Post Indian wedding traditions

Hindu weddings are renowned for their rich customs, deep-rooted traditions, and vibrant nature. Recently, I had the privilege of attending my cousin’s wedding. While the wedding itself was grand, the post-wedding events were equally as intricate and beautiful, offering a unique insight into Maharashtrian traditions within my own family.

The reception began immediately after the main wedding ceremony, marked by the breathtaking entry of the bride and groom. Clad in a tuxedo, my cousin, the groom, escorted his bride, resplendent in a radiant red sari, a scene reminiscent of a fairy tale took place. As they danced romantically to the music, enveloped in the ethereal mist of dry ice, the crowd of 800 guests erupted in audible gasps and awe.

Following the entrance, the groom recited his own poetry, a surprise he had been working on all week. After ear-bursting whistles and claps from the audience, the couple began the customary task of taking pictures with their numerous guests, a process that lasted several hours due to the sheer size of the gathering. As the night progressed and most guests departed, about 20 close family members gathered for dinner. Anticipation peaked as the traditional moment of the bride and groom feeding each other for the first time approached. However, due to the day’s exhaustion and the diets they had both observed for months, the couple had forgotten about the tradition, opting instead to hastily consume their meal. A chorus of laughter swept across the table as the groom’s sister playfully reminded him of the custom, prompting the couple to lovingly feed each other amid adoring gazes.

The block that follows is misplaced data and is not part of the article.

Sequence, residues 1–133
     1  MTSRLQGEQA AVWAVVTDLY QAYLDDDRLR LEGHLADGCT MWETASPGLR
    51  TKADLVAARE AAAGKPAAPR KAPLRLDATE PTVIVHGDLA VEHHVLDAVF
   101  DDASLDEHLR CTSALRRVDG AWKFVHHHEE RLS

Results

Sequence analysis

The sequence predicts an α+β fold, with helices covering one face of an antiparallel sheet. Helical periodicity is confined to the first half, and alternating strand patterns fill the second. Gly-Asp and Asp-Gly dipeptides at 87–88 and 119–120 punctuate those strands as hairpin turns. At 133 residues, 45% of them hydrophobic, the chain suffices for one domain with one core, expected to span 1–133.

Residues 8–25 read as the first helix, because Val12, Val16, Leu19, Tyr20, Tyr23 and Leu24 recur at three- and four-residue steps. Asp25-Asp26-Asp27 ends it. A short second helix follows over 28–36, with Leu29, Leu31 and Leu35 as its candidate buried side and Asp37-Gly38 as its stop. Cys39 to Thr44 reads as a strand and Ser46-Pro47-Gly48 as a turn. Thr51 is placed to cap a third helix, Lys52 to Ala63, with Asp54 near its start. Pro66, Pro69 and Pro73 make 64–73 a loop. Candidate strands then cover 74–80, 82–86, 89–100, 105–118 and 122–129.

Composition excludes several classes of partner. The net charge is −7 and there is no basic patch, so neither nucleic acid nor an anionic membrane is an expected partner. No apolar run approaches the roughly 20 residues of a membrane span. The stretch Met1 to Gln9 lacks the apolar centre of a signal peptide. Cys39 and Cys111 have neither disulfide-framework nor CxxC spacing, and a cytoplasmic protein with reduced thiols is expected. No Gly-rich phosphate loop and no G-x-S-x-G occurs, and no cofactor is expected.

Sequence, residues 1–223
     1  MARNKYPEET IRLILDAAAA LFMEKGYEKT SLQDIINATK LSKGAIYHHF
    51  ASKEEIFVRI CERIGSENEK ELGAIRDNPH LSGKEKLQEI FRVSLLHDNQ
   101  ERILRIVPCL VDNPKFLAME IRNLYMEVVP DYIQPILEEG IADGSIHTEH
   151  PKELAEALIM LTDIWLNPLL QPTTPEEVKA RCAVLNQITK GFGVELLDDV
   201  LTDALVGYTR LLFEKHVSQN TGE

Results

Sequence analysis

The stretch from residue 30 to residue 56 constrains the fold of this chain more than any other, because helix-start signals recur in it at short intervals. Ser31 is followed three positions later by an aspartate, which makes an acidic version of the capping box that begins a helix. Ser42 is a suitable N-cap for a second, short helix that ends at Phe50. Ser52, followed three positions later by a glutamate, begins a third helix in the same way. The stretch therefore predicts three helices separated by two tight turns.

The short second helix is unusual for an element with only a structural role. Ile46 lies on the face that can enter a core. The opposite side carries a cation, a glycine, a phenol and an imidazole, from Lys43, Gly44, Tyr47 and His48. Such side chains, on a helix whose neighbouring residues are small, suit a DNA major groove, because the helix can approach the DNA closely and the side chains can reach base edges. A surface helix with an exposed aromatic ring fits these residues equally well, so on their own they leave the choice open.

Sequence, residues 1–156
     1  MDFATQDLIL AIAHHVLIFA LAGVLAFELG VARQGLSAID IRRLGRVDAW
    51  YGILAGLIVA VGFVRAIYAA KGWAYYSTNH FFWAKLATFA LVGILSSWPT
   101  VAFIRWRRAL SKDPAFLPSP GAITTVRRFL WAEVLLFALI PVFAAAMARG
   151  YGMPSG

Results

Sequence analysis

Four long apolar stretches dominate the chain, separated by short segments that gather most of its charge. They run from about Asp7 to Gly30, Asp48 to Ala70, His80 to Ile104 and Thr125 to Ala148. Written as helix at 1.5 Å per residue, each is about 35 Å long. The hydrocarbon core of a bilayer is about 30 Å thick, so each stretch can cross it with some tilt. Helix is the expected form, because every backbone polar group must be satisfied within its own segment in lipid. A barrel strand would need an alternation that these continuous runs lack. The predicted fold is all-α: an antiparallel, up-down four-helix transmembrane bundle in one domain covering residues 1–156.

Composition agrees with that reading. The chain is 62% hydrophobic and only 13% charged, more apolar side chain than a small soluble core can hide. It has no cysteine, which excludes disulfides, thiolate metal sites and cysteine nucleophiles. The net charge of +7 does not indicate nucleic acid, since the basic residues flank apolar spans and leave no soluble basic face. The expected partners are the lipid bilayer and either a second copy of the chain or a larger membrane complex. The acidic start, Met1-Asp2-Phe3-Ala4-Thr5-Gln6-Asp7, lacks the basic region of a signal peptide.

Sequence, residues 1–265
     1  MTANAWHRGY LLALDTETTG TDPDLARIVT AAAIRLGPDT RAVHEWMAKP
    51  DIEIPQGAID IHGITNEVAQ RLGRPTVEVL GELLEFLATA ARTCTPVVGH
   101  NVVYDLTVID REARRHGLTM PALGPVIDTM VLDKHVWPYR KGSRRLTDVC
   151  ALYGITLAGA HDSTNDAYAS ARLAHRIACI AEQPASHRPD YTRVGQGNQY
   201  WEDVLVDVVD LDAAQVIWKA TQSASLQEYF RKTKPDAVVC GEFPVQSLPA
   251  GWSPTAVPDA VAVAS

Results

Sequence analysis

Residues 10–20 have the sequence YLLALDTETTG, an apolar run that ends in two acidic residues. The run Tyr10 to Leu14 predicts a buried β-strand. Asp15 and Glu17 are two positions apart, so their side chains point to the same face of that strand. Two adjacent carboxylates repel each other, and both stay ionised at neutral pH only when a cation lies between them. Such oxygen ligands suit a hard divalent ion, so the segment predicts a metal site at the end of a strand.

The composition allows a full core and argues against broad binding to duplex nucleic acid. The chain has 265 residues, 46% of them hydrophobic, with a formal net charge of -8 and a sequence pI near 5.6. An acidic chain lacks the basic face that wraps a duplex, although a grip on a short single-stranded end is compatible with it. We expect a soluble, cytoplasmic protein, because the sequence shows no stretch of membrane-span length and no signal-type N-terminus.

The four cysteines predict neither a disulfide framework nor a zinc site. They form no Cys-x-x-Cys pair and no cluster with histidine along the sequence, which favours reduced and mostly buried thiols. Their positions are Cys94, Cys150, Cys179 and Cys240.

Later that night, a smaller group of us embarked on a three-hour journey to the groom’s and consequently also my ancestral village, where a small musical ensemble awaited our arrival. Accompanied by lively music, we danced our way to a village temple, a customary practice to seek blessings from the groom’s ancestral deities. Following this ritual, we proceeded to my family’s home, adorned with twinkling lights that illuminated the night, embodying the spirit of a traditional Hindu wedding.

The night was far from over as we commenced the ritual of welcoming the bride into her new home, a tradition in which she was symbolized as the embodiment of the Hindu goddess Lakshmi. The ritual began with the bride tipping over a pot of rice at the doorway, signifying the good fortune she would bring to the home. The bride dipped both her feet in a bronze plate of deep red vermilion water and took her first steps into her groom’s house. The red footprints left behind symbolize the blessed arrival of a goddess into our house. The evening culminated in competitive games between the couple and laughter, reinforcing familial bonds and easing the bride’s transition into our family.

The following day was equally busy, with the couple and their cousins visiting various temples to seek blessings for the new union. Meanwhile, preparations were underway for the second reception, attended by around 300 guests from the village. The evening was filled with blessings, gifts, and heartfelt moments, including a moving ballad the groom performed for his mother, one that brought gushing tears to everyone’s eyes. As the festivities drew to a close, emotions ran high as the bride bid farewell to her family, marking the end of a joyous celebration of love and tradition.